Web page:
A stiff knee can develop for a number of reasons. It is often accompanied by pain and swelling. Sometimes there may also be redness, warmth, pins and needles and numbness.
There are a number of different causes of knee stiffness but they generally fall into two categories, those caused by an injury and those caused by a medical condition.
Knee stiffness often develops after an injury. This tends to happen for a few reasons:
When the knee is damaged, there is often a build-up of excess fluid inside the joint. The amount of swelling will depend on the severity of the injury. With a minor injury, irritation inside the joint leads to increased production of synovial fluid. With a more serious injury, there may be bleeding directly into the joint, known as a haemarthrosis which can result in considerable swelling. Any excess fluid in the joint can result in a stiff knee as it limits movement by taking up space in the joint.
Swelling isn’t always visible - there can be a considerable amount of excess fluid in the joint before there are any outward signs. So it is possible to have a stiff knee without any other symptoms.
If one of the structures of the knee is damaged, it can change how the knee moves. There is a sophisticated system of gliding, rolling and spinning movements in the joint to achieve full range of movement. An injury can affect these movements, limiting the mobility at the joint, leading to a stiff knee.
Pain can also inhibit movement, leading to a stiff knee. It’s a
normal reaction – when we move, it hurts, so we stop the movement. In
the early stages following an injury, this response is helpful in
preventing further damage. But if allowed to continue, the muscles and
joint can become tight which can lead to long-term knee stiffness.
Often, knee stiffness develops due to a combination of these three factors. The most common injuries that cause a stiff knee are:
1) Meniscus Injury: damage to the special cartilage that lines the knee joint. This can cause knee stiffness by preventing the smooth motion of the knee, or sometimes a fragment of damaged cartilage can get stuck in the joint, restricting movement, known as locking. Find out more in the meniscus tear section.
2) Sprain: A mild sprain, overstretching of a ligament, can also cause a stiff knee. This may be in part due to some swelling in the joint but also due to reduced stability in the joint affecting how it moves. Find out more in the ligament sprain section.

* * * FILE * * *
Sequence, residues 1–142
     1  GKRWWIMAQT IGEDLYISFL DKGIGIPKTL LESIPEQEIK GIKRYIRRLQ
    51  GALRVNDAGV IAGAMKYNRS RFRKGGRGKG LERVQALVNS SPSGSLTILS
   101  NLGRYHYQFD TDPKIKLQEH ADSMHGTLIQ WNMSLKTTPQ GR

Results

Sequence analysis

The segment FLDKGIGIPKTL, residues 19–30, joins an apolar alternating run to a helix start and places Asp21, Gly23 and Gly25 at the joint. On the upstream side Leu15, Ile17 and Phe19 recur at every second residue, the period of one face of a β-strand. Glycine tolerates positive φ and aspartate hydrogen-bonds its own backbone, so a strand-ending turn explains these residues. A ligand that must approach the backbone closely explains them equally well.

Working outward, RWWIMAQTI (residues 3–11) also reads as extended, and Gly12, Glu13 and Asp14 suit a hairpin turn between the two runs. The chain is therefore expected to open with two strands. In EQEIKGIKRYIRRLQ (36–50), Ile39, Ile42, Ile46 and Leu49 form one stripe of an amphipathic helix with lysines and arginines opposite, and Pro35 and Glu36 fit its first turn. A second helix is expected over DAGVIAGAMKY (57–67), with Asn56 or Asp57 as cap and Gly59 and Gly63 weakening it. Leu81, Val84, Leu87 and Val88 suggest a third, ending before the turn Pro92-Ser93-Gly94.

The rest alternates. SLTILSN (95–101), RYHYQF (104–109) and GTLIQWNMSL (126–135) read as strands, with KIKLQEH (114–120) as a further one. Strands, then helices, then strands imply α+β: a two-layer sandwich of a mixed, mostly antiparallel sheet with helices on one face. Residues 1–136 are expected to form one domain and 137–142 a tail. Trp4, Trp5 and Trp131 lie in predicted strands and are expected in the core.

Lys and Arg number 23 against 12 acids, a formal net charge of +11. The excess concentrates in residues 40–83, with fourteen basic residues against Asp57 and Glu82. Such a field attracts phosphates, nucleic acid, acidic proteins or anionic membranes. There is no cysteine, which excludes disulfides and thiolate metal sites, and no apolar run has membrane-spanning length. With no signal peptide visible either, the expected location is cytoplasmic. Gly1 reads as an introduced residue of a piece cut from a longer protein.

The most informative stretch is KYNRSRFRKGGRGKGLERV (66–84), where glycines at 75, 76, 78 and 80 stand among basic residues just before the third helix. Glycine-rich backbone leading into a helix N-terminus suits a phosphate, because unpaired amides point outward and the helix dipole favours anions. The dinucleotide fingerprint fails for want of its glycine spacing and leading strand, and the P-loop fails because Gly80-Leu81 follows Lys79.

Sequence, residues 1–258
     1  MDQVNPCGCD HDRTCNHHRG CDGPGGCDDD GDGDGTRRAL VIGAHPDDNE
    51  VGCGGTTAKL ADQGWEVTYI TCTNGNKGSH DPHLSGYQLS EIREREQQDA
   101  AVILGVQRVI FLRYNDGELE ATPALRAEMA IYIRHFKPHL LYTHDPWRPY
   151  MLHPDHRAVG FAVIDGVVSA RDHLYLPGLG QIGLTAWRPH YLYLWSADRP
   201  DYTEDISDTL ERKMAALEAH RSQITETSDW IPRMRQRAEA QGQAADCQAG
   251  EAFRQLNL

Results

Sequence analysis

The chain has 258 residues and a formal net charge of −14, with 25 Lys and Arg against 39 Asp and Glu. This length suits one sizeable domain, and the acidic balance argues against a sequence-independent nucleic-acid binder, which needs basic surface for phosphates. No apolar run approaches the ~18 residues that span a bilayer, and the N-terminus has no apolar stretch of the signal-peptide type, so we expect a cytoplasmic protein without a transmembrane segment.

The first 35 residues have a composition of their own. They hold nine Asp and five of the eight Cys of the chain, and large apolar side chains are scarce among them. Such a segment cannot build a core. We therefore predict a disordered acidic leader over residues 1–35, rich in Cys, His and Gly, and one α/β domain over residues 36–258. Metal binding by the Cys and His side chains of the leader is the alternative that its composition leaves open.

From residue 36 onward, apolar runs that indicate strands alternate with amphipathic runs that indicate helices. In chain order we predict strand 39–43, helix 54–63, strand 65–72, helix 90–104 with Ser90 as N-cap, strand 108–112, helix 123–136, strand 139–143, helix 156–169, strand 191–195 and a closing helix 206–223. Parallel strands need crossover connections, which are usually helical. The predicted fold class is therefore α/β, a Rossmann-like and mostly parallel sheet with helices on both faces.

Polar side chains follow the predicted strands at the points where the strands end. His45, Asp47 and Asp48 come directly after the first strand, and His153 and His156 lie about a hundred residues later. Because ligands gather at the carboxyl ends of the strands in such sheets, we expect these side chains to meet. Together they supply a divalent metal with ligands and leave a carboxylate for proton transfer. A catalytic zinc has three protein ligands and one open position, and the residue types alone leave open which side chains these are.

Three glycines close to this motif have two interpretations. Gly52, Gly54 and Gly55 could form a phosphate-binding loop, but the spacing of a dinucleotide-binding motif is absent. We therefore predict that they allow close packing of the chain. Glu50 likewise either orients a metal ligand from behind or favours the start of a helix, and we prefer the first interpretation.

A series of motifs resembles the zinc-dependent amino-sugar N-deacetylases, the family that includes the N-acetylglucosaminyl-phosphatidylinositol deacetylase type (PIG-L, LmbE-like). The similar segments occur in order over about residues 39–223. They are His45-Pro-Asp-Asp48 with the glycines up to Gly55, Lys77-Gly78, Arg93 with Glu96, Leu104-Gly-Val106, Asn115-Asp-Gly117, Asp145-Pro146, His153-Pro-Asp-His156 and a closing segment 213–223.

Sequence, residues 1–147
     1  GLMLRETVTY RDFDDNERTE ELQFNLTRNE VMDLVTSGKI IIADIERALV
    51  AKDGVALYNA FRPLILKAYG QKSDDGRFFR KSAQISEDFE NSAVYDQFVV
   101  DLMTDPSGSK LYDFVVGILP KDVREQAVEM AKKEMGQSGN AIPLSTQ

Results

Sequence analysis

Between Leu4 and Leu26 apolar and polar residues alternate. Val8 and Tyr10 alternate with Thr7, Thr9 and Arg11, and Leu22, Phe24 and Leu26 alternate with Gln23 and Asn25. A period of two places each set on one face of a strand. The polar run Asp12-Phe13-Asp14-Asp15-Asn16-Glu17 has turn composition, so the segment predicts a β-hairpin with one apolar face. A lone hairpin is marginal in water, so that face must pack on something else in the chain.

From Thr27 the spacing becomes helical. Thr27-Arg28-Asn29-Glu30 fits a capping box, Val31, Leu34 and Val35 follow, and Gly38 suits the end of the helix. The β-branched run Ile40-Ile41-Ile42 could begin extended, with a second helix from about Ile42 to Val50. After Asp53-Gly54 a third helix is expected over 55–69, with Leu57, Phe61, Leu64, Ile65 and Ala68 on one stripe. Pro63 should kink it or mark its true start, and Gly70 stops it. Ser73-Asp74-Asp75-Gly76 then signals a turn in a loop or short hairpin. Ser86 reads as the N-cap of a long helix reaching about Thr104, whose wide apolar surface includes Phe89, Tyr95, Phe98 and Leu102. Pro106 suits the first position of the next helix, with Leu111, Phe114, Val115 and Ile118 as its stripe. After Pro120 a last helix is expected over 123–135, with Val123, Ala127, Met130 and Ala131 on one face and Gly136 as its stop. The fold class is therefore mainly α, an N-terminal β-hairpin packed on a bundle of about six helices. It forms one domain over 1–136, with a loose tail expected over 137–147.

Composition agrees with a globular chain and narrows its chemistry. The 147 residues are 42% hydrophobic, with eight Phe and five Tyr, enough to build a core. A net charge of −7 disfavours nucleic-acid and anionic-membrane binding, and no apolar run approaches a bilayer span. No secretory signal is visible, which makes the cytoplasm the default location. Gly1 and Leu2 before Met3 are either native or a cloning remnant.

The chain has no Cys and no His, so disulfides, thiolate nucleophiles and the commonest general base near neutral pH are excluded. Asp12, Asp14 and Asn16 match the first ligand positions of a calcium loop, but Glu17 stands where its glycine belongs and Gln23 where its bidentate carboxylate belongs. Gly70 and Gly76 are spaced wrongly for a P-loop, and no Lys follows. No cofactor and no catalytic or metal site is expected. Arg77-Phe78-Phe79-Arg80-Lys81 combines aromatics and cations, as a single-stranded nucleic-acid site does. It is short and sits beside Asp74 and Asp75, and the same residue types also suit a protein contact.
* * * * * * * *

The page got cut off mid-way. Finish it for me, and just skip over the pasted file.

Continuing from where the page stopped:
3) Fracture: A break in the bone can also cause knee stiffness due to pain, instability and misalignment
3) Ligament Injury:
Damage to the ligaments such as the ACL or PCL often causes bleeding
into the joint. Swelling usually comes on immediately and is profuse,
limiting movement. Find out more in the ACL injury and PCL tear
5) Arthrofibrosis: this is a rare condition that can develop following an injury or surgery. It is when the body develops excessive scar tissue adhesions which cause painful restriction to movement
6) Tendonitis: Irritation or degeneration of the tendons can affect the pull on the joint, due to weakness and ineffectiveness, limiting its normal motion. This most commonly affects the patellar tendon at the front of the knee – find out more in the Jumpers Knee section
7) After Exercise: not technically an injury, but overworked muscles become tight and weak making the leg feel stiff. Ensure you warm up and cool down effectively to avoid this
There are a number of conditions that cause inflammation which result in a stiff knee. The most common are:
1) Rheumatoid Arthritis: This is a chronic, systemic disorder that causes inflammation and fibrosis of joints. It can result in damage to the cartilage and bones causing knee stiffness (usually in both legs) and is often accompanied by redness, warmth and swelling. Symptoms fluctuate, with good spells and bad spells. It tends to affect multiple joints, such as the hands and feet as well as the knees.